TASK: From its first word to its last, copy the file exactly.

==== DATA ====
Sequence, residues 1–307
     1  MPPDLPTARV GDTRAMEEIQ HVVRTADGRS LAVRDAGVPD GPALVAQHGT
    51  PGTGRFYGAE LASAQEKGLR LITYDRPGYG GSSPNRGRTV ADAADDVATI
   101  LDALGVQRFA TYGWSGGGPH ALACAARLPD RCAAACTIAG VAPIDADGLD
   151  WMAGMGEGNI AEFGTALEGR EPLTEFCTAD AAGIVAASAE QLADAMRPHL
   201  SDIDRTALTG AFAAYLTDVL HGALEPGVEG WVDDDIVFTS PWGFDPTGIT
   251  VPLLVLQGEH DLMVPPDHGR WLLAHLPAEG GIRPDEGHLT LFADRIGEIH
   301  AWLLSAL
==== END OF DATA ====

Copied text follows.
Sequence, residues 1–307
     1  MPPDLPTARV GDTRAMEEIQ HVVRTADGRS LAVRDAGVPD GPALVAQHGT
    51  PGTGRFYGAE LASAQEKGLR LITYDRPGYG GSSPNRGRTV ADAADDVATI
   101  LDALGVQRFA TYGWSGGGPH ALACAARLPD RCAAACTIAG VAPIDADGLD
   151  WMAGMGEGNI AEFGTALEGR EPLTEFCTAD AAGIVAASAE QLADAMRPHL
   201  SDIDRTALTG AFAAYLTDVL HGALEPGVEG WVDDDIVFTS PWGFDPTGIT
   251  VPLLVLQGEH DLMVPPDHGR WLLAHLPAEG GIRPDEGHLT LFADRIGEIH
   301  AWLLSAL